In May 2012 I received an email from Carolyn Marino, a senior editor and vice president of HarperCollins USA. She had read the book on her Kindle, after a recommendation from a retired literary agent, and she wanted to talk to me about my writing. About two months later we signed a two book deal.  

You also wrote a book that deal with WWII called Our Father’s War which was drawn from letters and notes written by your father. Did you talk to him about writing the book?
No, my Dad died in 1992 and I inherited the box of letters and notes after his death. It was certainly an emotional experience reading the letters and I thought long and hard about publishing them. I edited them into a book for the younger members of the family who never met him and they all loved it, then it was suggested to me that I should make it available to a wider audience.

Was there anything in particular that amazed you about your dad that you didn’t know before putting together this book? 
I learned many things about his early experiences and understood more about him as a man after reading the letters. He had shared much about his UK war experience and his days as a spitfire pilot in 485 New Zealand Spitfire Squadron in southern England with his family. But in late 1942 he transferred to the Middle East, to number 23 squadron and he had hardly spoken about that time at all. The letters and the newspaper clippings, an interview he did on his return to New Zealand in late 1944, revealed what he’d done in the Middle East and how difficult the air war was. He was extremely brave and they make interesting reading.

How long does it take you to write a book? It differs from book to book and also depends on what else you are doing in your life. With The Keeper of Secrets I was working full-time and it needed meticulous research, so it took seven years. During that time I became too close to it on a couple of occasions and put it in a drawer to wait until I felt like continuing. Usually I would say around a year to 18 months writing full-time.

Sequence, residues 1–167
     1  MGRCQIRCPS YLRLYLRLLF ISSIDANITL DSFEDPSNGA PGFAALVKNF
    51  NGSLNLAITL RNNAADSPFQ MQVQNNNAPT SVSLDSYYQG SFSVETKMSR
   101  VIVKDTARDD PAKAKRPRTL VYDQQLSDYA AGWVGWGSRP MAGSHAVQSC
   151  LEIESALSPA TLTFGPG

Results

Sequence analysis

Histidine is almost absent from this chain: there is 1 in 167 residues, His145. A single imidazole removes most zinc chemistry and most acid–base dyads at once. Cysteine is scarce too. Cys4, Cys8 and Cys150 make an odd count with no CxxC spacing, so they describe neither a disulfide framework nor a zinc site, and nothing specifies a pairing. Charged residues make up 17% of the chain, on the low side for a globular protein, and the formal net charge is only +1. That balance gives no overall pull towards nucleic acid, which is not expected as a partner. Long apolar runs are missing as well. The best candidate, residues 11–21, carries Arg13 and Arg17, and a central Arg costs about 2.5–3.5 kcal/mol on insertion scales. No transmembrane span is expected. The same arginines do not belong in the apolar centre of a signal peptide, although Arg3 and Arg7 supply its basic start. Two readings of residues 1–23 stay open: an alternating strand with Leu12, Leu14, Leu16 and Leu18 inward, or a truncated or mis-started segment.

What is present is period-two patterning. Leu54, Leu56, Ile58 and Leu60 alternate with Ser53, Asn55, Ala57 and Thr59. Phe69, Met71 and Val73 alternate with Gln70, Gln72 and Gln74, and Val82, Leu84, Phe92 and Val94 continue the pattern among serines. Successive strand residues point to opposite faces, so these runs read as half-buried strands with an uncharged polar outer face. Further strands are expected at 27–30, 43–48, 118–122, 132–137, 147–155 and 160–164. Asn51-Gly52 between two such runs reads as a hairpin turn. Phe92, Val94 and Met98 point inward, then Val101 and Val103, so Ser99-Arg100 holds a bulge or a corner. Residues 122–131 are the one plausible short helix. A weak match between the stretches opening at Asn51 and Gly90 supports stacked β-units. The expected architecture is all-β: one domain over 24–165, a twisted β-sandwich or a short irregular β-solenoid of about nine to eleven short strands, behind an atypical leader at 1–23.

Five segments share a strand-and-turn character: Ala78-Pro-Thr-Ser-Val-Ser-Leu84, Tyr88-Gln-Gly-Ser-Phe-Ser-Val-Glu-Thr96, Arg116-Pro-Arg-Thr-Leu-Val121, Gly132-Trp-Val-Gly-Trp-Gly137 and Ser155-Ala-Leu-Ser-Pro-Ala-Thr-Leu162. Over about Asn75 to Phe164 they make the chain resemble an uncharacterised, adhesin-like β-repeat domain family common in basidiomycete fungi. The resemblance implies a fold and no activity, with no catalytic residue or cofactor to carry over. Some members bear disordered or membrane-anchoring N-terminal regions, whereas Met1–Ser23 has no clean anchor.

How many times do you rewrite a chapter or do a full edit?
I write the first draft right through, get the full idea down on paper without stopping. Then I go through and pinpoint where I need to research more and where the plot needs to go in other directions. I may well do some spot rewrites at that point.

The next draft is much slower and includes incorporating necessary research. Then I put it away and do something entirely different for at least two months. Then I take it out and do a full third rewrite. By that stage it is ready for other eyes and to be read out loud by readers taking the roles. This leads to more rewriting. My motto: The first draft is rock, the last draft is diamond and in between is a lot of cutting and polishing!